But it’s given me the opportunity to meet some great people along the way, and brought me to Drone U.
You’re on the FAA’s Drone Advisory committee. What are you hoping to accomplish in your role?
Actually I”M on the DAC’s Task Group 3, not the DAC itself. TG3 deals with how the FAA can improve the waiver process. Waivers are the largest stumbling block that is holding industry this back. The FAA is interested in the industry’s input on how to make them easier to get, and I thought that would be a good fit for me. We’ve made our initial report, and are now awaiting for the FAA’s feedback. If we as a Task Group can ease the burden of waivers, then we’ve succeeded. My role here is to bring the voice of the small drone operator to the DAC. It’s an incredibly underrated voice on the DAC.
A number of Drone Service Providers (DSP) did apply for the open DAC positions, but none where selected. But people like Brendan Schulman and Brian Wynne went to bat for DSPs at the first DAC meeting in June. They mentioned the lack of representation of DSPs on the DAC, so a few of us ended up on the Task Groups. So that’s a start.
The latest NPRM is pretty loaded and has a potentially huge impact on the commercial drone industry. What are your thoughts on what the FAA has proposed?
The Remote ID NPRM not only has a potentially huge impact on this industry, it has the very real potential to be a complete failure. And be will if adopted as written. Mainly because without compliance, it won”T work. And with the required inclusion of public knowledge of pilot location, internet based transmission, and the demise of hobby fields, (to name a few issues) widespread compliance will be non-existence. And without widespread compliance, RID will be impotent beyond help.
Don”T get me wrong, RID is important to moving this industry forward. But as written, it will set us back too far, possible too far to recover. The FAA is a safety and educational agency, not an enforcement agency. And the DOJ and DOT Inspector General, who had the enforcement powers for aviation) have already said they’re not interested in enfacements of current UAS regulation. Rules without enforcement are pointless. So either the DOJ or DOT need to enforce rules, or the Congress needs to give the FAA enforcement powers. Because RID will not happen without enforcement either. No matter how it’s written.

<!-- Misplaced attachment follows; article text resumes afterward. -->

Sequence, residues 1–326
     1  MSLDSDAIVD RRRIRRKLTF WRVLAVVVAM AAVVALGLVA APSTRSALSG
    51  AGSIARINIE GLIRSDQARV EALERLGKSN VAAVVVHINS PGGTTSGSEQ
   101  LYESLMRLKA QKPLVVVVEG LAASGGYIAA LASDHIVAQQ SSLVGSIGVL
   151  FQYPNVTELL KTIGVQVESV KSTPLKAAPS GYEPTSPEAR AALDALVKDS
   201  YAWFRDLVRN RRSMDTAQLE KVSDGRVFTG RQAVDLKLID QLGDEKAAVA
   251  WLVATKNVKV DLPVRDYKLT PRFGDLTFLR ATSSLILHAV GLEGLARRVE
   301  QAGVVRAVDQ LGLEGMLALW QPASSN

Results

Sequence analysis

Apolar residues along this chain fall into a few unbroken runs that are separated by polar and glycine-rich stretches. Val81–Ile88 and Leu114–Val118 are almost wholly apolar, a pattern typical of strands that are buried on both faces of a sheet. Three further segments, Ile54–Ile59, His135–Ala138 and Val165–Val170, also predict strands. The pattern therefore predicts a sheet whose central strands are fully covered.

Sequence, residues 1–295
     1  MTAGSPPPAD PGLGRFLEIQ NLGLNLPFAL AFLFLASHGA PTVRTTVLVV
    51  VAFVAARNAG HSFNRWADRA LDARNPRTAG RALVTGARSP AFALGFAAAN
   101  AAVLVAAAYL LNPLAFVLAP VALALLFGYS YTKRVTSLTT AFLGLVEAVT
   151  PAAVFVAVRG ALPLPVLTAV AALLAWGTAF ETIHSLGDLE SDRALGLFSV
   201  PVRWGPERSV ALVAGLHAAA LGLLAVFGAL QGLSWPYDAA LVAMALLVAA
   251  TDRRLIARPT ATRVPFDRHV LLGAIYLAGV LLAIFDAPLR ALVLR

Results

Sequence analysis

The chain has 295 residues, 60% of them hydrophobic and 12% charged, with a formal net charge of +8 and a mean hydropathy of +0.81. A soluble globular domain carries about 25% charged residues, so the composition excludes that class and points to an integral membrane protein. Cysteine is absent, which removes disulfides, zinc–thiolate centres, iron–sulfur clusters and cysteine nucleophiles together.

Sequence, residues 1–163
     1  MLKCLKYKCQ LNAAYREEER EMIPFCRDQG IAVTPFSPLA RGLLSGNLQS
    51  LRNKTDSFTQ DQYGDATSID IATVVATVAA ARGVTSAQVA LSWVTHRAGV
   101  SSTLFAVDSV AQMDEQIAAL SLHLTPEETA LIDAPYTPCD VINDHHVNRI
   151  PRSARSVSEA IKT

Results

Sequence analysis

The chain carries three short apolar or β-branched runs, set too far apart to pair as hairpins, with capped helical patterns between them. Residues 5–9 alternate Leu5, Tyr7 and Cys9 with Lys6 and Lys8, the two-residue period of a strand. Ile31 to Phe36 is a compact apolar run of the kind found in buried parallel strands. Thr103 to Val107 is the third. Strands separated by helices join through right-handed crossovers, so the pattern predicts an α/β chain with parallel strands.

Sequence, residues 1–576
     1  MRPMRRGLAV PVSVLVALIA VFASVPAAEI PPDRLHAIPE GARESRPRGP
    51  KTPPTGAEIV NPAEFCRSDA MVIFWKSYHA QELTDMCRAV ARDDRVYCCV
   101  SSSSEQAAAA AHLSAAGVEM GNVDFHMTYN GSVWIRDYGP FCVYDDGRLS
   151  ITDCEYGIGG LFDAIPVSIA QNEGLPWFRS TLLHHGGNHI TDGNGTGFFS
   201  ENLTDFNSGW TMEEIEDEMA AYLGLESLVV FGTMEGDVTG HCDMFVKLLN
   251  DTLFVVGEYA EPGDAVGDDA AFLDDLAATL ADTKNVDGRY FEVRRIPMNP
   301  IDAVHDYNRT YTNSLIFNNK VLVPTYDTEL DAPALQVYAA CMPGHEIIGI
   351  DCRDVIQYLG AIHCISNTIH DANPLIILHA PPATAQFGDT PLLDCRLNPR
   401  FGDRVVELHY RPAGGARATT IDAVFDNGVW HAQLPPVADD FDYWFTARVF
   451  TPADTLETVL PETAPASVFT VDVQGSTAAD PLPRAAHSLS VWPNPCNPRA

But as far as what we as a UAS community can do, we must comment. And we must comment as a unified voice. Commercial, hobby, and FPV must all come together and present a single voice. Copy and paste comments are pointless as this point. The FAA congregates them as a single comment. If you do that, your voice won”T be heard. We have to have specific parts we object to. We also have to include reasonable suggestions and alternatives. “This sucks? isn”T a well thought out comment, and won”T hold any weight whatsoever in the eyes of those who will eventually craft the rules. Include personal stories of how this will affect you. And summarize your comment in the final paragraph.
What do you recommend to those looking to publicly comment on the NPRM?
The one single suggestion I have is to wait. Wait and get all of the info you can before you craft your comment. Write it out in a word program on your computer. Re-read it, edit it, re-read it again. Once you have it ready, copy and paste it to the comment section. I believe you have a 5,000 character limit, but you can upload a .doc or .PDF. But I suggest you don”T do that. There is the possibility of corrupt files so your comment isn”T readable. I suggest instead that you have more than one comment. You can even comment on one or two aspects you don”T like (or do like) in each submission. That way you”Ll be less likely to have your comments incorrectly recorded by those who read them. You have until March 2nd to get your comment posted. Don”T panic.
Any final thoughts?
This NPRM is the single most important set of UAS rules that have ever been published by the FAA. It is critically imperative that each person who uses drones in their business, flies them for fun, or it involved in an industry that uses drones (realty, inspection, STEM Educators, surveyors, etc.) comment on this NPRM, and let the FAA, DHS (Department of Homeland Security), and the FBI know what this will do to the industry. If there are not 50,000 comments by March 2nd, I”Ll be disappointed. As of this morning (1/9/20), there are already 3,814 listed and 130,945 page views. We have a way to go. But we’re also well on our way. The April 2019 NPRM for new UAS rules only had 949 total comments. So it’s nice to see that so many people have already commented on the RID NPRM. Let’s keep it up!